Pimiento Cheese, barbecue, catfish, and grits— all examples of true Southern culinary icons. Yet despite their humble beginnings, the dixie-born gems have become popular across the country. Enter pimiento cheese. A cookbook containing one true pimiento cheese recipe, let alone the many regional variations such as adding paprika or jalapeño peppers, is almost impossible to find favorite recipes survive by way of oral tradition. Therefore, the popularity of this unique spread remains largely confined to states below the Mason-Dixon line, where it assumes its place as a Southern delicacy.

"I&aposve seldom met a non-Southerner who knew what it was," says novelist and north Carolina native Reynolds Price. But once the unfamiliar have a chance to sample pimiento cheese, Reynolds adds, "They take to it on contact."

What is Pimiento Cheese?
To the uninitiated, it&aposs little more than grated cheese, chopped pimiento peppers, and a little mayonnaise. However, to those fans who rank pimiento cheese right next to cold fried chicken and deviled eggs as essentials at any proper country picnic, it&aposs much more. To devotees, pimiento cheese becomes a must-have𠅎levating an ordinary grilled cheese to something heavenly and dramatically raising the bar on cheeseburgers and omelets.

What Cheese is Best for Pimiento Cheese?
Admirers agree that sharp Cheddar cheese is pimiento cheese&aposs backbone. High-quality mayonnaise, such as Hellmann&aposs or Duke&aposs, is also a given. But here&aposs where the opinions begin to fork off. On the issue of texture, Southern cookbook author James Villas shares common questions such as should the cheese be grated or mashed? If grated, coarse or fine? If mashed, is the fork or the modern food processor the best tool?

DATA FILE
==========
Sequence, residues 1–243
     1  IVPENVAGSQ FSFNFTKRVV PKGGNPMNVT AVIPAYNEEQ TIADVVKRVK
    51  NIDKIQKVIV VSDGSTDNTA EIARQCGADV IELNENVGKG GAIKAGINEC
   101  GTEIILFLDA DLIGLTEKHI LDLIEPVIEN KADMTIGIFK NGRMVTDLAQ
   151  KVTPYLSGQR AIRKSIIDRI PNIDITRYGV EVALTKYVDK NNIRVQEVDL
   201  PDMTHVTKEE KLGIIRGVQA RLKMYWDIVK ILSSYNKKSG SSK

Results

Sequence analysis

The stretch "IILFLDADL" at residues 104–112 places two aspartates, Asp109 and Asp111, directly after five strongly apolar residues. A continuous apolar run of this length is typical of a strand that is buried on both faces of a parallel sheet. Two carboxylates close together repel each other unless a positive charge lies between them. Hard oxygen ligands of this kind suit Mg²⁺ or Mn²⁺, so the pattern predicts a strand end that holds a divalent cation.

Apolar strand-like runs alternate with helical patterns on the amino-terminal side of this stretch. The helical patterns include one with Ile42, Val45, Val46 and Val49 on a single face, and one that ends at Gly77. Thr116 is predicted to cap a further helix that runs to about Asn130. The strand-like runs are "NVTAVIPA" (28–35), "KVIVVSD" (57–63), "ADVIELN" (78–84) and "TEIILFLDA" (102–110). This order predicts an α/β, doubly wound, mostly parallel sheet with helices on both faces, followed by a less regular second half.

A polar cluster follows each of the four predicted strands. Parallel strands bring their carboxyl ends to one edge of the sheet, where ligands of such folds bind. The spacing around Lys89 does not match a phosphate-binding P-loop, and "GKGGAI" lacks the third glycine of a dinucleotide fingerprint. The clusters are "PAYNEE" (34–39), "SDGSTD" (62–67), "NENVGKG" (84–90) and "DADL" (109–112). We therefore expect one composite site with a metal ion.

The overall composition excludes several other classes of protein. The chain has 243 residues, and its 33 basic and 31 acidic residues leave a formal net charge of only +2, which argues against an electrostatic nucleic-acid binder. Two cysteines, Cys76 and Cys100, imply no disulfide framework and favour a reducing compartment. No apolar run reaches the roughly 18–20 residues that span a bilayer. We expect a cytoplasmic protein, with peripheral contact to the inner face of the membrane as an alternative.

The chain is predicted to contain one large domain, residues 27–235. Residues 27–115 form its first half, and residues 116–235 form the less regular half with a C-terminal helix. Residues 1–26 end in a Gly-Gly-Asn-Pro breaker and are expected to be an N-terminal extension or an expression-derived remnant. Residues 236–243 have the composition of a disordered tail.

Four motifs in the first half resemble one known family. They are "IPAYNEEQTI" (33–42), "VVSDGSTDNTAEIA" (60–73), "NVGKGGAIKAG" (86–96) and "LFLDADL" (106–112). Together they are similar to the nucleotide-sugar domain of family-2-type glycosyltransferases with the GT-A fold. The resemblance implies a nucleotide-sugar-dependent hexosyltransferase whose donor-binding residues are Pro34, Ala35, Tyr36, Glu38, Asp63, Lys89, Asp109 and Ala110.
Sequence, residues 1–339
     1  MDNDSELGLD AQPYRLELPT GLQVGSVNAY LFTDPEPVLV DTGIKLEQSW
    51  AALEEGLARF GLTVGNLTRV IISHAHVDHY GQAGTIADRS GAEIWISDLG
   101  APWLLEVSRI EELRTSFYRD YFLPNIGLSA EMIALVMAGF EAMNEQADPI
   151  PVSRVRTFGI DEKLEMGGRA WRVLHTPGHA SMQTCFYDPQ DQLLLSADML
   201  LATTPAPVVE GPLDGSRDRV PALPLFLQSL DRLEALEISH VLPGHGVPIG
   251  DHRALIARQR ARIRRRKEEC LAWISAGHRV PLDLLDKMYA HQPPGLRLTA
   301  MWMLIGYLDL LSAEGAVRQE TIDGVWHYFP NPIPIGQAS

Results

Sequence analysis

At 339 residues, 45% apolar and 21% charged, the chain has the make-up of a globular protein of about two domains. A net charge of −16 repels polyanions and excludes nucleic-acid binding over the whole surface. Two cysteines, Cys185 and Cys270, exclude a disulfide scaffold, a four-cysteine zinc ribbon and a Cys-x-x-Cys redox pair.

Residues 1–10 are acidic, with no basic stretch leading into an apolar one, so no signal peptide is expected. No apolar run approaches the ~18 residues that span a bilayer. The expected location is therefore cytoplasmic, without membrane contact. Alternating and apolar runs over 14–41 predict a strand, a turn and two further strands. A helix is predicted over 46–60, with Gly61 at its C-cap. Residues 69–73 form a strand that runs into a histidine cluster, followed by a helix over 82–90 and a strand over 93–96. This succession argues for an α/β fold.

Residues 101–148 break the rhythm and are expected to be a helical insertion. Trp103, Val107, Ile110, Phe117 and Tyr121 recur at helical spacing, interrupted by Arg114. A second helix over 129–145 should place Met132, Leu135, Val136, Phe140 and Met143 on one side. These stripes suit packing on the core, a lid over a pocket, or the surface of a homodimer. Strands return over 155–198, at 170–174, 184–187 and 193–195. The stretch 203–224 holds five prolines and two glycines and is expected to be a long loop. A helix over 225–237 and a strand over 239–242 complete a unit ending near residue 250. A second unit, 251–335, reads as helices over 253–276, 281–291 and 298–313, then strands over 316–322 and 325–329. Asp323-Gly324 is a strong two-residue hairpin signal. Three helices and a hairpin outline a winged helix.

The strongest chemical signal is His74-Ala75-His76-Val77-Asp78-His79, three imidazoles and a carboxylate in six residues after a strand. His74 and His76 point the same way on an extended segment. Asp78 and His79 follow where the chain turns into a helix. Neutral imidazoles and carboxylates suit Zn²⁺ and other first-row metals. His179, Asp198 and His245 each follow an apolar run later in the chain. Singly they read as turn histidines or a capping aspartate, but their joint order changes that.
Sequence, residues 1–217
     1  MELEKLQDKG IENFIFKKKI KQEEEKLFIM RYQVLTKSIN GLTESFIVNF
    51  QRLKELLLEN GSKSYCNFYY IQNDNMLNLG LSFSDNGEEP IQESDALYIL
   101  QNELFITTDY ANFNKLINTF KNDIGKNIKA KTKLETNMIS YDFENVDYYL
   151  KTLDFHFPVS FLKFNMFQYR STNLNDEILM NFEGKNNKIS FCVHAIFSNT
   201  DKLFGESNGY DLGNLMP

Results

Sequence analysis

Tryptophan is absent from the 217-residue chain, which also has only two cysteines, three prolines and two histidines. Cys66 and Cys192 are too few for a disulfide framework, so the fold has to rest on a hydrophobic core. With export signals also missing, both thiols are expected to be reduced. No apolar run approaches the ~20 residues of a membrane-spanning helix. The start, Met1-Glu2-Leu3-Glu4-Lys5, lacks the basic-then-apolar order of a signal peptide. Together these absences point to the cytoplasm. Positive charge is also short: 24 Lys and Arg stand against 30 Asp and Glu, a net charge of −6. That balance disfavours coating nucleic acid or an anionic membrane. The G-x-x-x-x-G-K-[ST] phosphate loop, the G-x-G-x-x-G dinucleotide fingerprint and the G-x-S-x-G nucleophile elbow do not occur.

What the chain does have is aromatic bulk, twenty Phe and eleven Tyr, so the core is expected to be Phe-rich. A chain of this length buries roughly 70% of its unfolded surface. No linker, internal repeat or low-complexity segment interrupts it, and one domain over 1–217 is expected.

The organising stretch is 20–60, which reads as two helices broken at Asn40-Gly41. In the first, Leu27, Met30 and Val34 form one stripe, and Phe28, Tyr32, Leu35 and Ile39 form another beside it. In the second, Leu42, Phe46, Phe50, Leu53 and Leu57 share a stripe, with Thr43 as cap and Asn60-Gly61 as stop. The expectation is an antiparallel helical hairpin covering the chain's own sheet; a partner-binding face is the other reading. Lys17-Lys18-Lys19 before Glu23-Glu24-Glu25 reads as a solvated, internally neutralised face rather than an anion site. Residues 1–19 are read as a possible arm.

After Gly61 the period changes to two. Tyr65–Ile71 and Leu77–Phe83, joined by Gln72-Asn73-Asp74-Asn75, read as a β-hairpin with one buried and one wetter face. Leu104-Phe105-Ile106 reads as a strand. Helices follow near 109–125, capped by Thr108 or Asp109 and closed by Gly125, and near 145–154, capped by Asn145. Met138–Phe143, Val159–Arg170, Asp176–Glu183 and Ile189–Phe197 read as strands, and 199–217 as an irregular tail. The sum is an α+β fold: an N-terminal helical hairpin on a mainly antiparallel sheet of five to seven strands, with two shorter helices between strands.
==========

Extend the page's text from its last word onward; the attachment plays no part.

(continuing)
In our search for the definitive blend, we asked Senior Food Editor Mary Allen Perry for her secret pimiento cheese recipe. She agreed, but admitted, "My recipe was originally that of my great grandmother Kersh, who lived until she was 98 years old—slim, trim, and fearless of fat content."

Mary Allen drew upon childhood memories to record this fabulous formula. So, whether you use pimiento cheese to fill celery sticks or to spread on crackers or a slice of your favorite bread, you should feel confident with this terrific version and its variations.

Basic Pimiento Cheese Recipe

1 1/2 cups mayonnaise
1 (4-oz.) jar diced pimiento, drained
1 tsp. Worcestershire sauce
1 tsp. finely grated onion
1/4 tsp. ground red pepper
1 (8-oz.) block extra-sharp Cheddar cheese, finely shredded
1 (8-oz.) block sharp Cheddar cheese, shredded

Stir together first 5 ingredients in a large bowl stir in cheese. Store in refrigerator up to 1 week.

10 Greatest Grilled Cheese Sandwiches